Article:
A California woman’s larger-than-life homage to the classic Flintstones cartoon has her neighbors up in arms, declaring the ostentatious attraction a nuisance and an eyesore.
According to CBS, homeowner Florence Fang’s multimillion-dollar house has ignited a heated feud between the 84-year-old and other members of her San Francisco suburb. Apparently, not everyone is delighted with Fang’s elaborate Stone Age display, and they are taking legal action to see the colorful property muted for good.
Fang’s cartoonish and comically bulbous house is located in a rather posh neighborhood, but it certainly manages to easily stand out from the other homes. Inspired by the classic 1960s cartoon, this property features a slew of metal prehistoric sculptures, towering over shrubs and bushes, as well as statues of Flintstones characters Fred and Wilma and their neighbors, Barney and Betty Rubble. A sign also declares “No Dino Allowed”, referring to Fred’s lovably excitable pet.
It isn’t Fang’s red and purple, 2,730-square-foot house that is being targeted, but the highly decorated property itself. The people of Hillsborough would love nothing more than see the yard full of dinosaurs, aliens, and cave-people done with, even if that means fighting Fang’s constitutional right to decorate her yard however she pleases.
“Mrs. Fang has made people smile, she’s giving them job,” Angela Alioto, Fang’s attorney, told CBS. “What’s not to love about Dino, who acts like a dog? What is wrong with these people?”
The unique home was designed by architect William Nicholson and built in 1976. According to Metro, it was nicknamed the Flintstones House in 2000 after then-owners painted the home orange. Years later, in June of 2017, Fang fell in love with the property and purchased it for $2.8 million, giving it its final, Flintstones-esque touches.
Mark Hudak, an attorney for the people of Hillsborough, told CBC that the town is prided on its rural feel, and property rules are in place to keep everyone happy with their community.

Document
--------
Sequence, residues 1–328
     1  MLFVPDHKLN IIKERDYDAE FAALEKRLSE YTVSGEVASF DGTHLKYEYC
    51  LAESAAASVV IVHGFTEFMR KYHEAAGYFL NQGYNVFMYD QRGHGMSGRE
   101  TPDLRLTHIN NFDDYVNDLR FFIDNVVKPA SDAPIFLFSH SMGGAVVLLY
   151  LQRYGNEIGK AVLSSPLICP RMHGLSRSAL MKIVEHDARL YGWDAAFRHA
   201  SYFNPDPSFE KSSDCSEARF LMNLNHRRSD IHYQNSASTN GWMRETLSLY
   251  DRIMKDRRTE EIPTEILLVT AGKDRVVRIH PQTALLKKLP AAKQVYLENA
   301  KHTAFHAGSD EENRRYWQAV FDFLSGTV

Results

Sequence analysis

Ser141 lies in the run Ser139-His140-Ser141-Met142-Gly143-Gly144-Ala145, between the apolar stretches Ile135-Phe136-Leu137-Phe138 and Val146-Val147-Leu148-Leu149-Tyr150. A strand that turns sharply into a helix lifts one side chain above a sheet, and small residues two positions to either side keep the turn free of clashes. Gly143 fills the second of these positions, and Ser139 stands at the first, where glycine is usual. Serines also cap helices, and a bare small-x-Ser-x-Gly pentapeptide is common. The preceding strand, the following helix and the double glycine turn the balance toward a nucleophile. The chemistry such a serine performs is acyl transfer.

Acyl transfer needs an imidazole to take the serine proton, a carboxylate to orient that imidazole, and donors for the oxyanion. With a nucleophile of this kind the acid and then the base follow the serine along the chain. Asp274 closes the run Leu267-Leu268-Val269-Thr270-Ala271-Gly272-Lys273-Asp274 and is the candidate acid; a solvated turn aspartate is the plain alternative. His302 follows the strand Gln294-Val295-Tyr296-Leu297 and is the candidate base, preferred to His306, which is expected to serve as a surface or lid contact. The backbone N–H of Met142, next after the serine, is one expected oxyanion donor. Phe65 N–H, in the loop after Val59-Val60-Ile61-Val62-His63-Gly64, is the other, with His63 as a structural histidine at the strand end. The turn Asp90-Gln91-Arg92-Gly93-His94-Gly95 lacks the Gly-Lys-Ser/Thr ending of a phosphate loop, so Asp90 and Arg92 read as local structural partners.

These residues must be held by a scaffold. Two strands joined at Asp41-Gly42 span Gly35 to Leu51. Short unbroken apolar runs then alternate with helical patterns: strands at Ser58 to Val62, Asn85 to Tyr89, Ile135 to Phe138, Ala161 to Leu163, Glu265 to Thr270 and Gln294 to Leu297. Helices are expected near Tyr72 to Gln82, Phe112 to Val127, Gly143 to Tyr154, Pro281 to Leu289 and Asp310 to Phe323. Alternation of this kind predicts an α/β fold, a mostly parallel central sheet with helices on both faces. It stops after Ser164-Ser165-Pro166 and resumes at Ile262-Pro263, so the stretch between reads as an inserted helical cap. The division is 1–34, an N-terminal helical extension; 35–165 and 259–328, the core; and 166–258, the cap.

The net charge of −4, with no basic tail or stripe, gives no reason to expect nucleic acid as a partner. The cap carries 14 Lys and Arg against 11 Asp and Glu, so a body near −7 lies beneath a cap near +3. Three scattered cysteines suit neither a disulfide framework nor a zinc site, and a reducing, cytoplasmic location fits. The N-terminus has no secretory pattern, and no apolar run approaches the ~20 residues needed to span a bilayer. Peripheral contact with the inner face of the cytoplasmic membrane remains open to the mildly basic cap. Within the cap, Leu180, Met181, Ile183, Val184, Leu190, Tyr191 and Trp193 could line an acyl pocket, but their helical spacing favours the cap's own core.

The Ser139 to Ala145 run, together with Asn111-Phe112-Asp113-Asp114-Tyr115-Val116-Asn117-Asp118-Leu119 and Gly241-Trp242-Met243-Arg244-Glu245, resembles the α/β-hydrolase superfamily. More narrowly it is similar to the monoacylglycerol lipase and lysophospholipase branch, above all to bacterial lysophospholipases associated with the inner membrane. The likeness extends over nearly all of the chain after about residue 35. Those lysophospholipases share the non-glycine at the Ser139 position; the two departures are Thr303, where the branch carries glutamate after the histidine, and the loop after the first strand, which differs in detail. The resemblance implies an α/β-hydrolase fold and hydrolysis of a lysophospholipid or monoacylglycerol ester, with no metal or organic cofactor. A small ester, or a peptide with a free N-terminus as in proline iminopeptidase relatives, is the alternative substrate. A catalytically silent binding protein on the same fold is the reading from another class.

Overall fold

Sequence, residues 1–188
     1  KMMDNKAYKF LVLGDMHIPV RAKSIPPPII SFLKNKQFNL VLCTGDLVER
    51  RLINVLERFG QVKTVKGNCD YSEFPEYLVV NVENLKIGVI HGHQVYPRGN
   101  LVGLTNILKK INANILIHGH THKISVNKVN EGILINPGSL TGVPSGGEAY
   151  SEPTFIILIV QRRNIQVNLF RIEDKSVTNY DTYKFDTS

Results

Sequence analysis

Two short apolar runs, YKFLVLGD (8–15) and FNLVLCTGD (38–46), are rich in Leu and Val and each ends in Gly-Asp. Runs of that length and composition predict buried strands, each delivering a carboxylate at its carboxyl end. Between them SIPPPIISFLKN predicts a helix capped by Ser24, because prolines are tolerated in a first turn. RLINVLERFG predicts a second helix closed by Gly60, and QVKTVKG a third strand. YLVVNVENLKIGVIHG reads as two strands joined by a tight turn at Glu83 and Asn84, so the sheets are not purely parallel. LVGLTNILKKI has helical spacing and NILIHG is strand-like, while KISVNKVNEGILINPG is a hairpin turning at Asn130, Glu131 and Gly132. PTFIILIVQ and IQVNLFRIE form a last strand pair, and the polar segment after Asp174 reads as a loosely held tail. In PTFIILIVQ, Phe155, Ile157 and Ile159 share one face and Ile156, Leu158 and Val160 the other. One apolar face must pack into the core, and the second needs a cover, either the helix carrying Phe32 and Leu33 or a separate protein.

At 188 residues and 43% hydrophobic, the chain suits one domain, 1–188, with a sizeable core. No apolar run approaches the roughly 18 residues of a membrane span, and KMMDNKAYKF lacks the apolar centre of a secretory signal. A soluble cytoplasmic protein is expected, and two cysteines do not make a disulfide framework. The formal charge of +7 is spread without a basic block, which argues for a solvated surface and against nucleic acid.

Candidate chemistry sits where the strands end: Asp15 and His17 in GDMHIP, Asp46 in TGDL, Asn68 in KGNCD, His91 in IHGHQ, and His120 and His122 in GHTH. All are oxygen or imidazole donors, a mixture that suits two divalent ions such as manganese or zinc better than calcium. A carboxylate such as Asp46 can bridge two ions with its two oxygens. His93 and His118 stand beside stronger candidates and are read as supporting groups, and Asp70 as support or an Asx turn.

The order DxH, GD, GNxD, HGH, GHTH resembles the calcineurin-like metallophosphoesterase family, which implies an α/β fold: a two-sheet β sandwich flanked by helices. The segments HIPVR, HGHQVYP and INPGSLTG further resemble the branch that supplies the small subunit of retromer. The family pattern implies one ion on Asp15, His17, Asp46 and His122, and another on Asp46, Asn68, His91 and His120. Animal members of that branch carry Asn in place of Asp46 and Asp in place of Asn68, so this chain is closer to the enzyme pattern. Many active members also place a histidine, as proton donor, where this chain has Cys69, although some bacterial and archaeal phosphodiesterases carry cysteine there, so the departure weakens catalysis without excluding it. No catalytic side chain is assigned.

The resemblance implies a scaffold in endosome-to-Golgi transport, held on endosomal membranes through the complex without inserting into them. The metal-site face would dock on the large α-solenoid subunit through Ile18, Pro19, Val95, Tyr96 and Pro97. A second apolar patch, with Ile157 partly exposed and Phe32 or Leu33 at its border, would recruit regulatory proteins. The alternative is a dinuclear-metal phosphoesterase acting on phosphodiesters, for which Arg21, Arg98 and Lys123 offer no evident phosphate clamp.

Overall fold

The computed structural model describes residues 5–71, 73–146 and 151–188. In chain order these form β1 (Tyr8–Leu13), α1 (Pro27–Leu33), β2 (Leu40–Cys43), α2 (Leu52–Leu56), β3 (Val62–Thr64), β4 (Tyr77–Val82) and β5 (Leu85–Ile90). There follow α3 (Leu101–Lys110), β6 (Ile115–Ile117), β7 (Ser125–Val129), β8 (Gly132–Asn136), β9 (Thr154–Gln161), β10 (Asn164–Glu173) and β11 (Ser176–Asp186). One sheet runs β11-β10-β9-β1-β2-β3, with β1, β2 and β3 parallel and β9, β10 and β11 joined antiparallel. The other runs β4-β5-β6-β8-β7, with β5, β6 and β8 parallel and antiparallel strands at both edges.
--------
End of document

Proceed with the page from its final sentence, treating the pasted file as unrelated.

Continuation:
“Whether [Fang] is building a project with amusing cartoon characters or Rodin statues or anything else, she still has to go through the process like everyone else,” he said.
Fang has reportedly been previously hit with not one but three work-stop orders issued by the city, all of which she ignored, as well as an administrative order to remove her elaborate installations by December 5 of last year.
Last month, the community filed a lawsuit in state court demanding Fang remove the statues from her garden, which they claim are unpermitted. In response, her lawyer says Fang plans to fight the lawsuit with a counter-claim that her constitutional rights to free speech and religion have been violated.
While her own community has set out to put a stop to her whimsical display, Fang has the support of fans all over the country. An online petition addressed to California Governor Gavin Newsom asking him to “leave the homeowners alone” has earned nearly 20,000 signatures.
The woman behind the petition, Helen Garcia, wrote that as a child, she delighted in visiting the property with her grandmother. Now she enjoys sharing the same tradition with her daughter, who also loves experiencing the Flintstones House and all its colorful wonder.
“Removing the statues would devastate her and many of our childhood memories we have of this beautiful home,” Garcia wrote. “In a land of forest green there is a home where, in our childhood imagination, Fred and Wilma greet each other and say ‘I’m home’.”